The indirect measurement of physical integrity was made by electrical conductivity (EC). Four replicates were used of 50-seeds with weight set, deposited in beakers and immersed in 75 mL of distilled and deionized water, taken the incubator at 20˚C, for a period of six hours. After this period, a conductivimeter was then used to measure the electrical conductivity of the solution [21] .

2.8. Sanitary Evaluation

The incidence of pathogens was evaluated by blotter test (BT).The incidence of pathogens was evaluated by blotter spot test (BT). 200 seeds were used, divided into four repetitions and placed in gerbox, seed dispersal on two sheets of paper germiteste sterile and moistened with distilled and autoclaved water in proportion to 2.5 times your weight [22] . A solution of 1.05% sodium hypochlorite was used for an asepsis of the boxes. The boxes were kept in the incubator (20˚C) in 12 hours of lighting (with fluorescent lamps) and 12 hours of darkness, for seven days. After this period, fungi were evaluated in seeds, with the aid of binocular microscope loupe based on the morphology of propagative structures of pathogens [23] .

2.9. Data Analysis

For the analysis, a completely randomized design was used and the tested cultivars were evaluated separately. The data were verified and met the mathematical model assumptions for errors normality [Shapiro-Wilk (P ≤ 0.05)] and homogeneity of the variances [Bartlett (P ≤ 0.05)]. A subsequent analysis of variance [F-test (P ≤ 0.05)] was conducted, by comparing the degrees of freedom of the treatments versus the treatment without application [Scheffé (P ≤ 0.05)] and the complementary grouping test [Scott-Knott (P ≤ 0.05)]. Software Action® (Estatcamp, São Carlos, SP, Brazil), Genes® [24] , Sisvar® [25] were used.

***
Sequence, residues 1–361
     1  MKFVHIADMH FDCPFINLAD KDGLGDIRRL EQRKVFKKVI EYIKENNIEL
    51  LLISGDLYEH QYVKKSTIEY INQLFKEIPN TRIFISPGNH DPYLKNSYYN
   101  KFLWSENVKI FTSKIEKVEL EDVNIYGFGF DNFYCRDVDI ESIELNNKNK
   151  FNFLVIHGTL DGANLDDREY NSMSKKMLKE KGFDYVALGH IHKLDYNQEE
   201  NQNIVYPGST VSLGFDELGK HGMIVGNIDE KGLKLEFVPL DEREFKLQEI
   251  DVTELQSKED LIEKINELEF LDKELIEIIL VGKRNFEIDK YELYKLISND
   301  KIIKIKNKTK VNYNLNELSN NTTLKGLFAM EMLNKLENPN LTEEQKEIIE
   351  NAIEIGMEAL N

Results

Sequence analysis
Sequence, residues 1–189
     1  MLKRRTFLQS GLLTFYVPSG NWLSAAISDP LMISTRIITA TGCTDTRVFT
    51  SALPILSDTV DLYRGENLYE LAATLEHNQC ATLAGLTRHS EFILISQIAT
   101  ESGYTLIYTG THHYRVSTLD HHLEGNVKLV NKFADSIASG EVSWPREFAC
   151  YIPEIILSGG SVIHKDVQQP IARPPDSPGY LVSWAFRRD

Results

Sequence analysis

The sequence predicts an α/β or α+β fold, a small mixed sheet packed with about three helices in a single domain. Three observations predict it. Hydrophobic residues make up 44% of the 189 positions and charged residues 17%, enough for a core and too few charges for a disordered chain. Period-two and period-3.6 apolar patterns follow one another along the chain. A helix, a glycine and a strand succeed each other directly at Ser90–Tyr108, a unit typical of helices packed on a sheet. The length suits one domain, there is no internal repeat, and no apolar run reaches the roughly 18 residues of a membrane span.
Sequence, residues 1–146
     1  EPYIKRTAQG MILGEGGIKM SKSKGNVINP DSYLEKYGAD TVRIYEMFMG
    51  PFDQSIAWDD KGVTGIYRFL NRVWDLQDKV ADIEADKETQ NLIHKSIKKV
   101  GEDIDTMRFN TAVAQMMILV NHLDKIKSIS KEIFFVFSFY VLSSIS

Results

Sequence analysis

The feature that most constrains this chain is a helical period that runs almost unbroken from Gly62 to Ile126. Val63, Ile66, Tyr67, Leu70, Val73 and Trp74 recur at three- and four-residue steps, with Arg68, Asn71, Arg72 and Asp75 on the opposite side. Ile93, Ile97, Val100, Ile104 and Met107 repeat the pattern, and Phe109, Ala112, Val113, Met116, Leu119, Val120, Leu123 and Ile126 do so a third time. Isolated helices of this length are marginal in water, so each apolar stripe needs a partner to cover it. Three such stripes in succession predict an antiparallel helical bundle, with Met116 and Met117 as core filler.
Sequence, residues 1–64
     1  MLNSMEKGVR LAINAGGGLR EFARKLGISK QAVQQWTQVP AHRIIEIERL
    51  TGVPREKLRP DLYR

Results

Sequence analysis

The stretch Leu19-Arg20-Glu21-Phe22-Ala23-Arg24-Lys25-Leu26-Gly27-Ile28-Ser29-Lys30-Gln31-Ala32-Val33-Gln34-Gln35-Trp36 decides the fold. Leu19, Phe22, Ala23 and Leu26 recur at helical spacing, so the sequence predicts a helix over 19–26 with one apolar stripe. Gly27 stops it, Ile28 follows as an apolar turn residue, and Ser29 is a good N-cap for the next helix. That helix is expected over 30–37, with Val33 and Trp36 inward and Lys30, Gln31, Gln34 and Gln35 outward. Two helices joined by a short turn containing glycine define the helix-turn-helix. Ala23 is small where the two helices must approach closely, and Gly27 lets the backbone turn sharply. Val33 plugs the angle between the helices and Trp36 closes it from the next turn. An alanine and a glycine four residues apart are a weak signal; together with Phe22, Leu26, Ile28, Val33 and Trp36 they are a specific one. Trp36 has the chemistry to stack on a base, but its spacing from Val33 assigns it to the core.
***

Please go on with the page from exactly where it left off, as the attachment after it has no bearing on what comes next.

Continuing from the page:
3. Results

About the interactions, it was verified that most of them were significant, as well as, contrasts with results favorable to the treatment without application (TWA) (Table 2 and Table 3). The characters: first count of the germination test (FCGT), germination (GER), speed index (SI), emergence in soil (EMERs), cold test (CT), accelerated aging test (AA) and electrical conductivity (EC) did not meet the normality of errors by the Shapiro-Wilk test (P ≤ 0.05); To perform the F-test, we used the angular transformation ( Arcoseno x / 100 ) . The blotter test (BT) did not meet the assumption of the normality of the errors by the Shapiro-Wilk test (P ≤ 0.05); For the F-test, we used the square root transformation ( x + 0.5 ) . The tables are represented by the averages (Tables 4-7).

Table 2. Summary of the analysis of variance represented by the mean squares and estimates of the contrasts of treatments with non-selective herbicides applied in the wheat pre-harvest (BRS Parrudo) versus the treatment without application of the characters related to the physical and physiological quality of seeds.

1Source of variation (S.V.), degree of freedom (D.F.), coefficient of variation (CV%). Characters: first count of germination test (FCGT) and germination (GER), seedling shoot length (SL) and radicle (RL), seedling dry mass (SDM), speed index (SI), emergence in soil (EMERs), plant shoot length (SLs) and root (RLs) emerged in soil, dry mass of plants emerged in soil (PDMs), cold test (CT), accelerated aging test (AA), electrical conductivity (EC); not significant, 5% and 1% statistical difference by F-test (ns, * and **, respectively). Estimates of the contrasts [Scheffé (P ≤ 0.05)] with positive numbers are favorable to treatment without application or negative to the treatments with herbicides.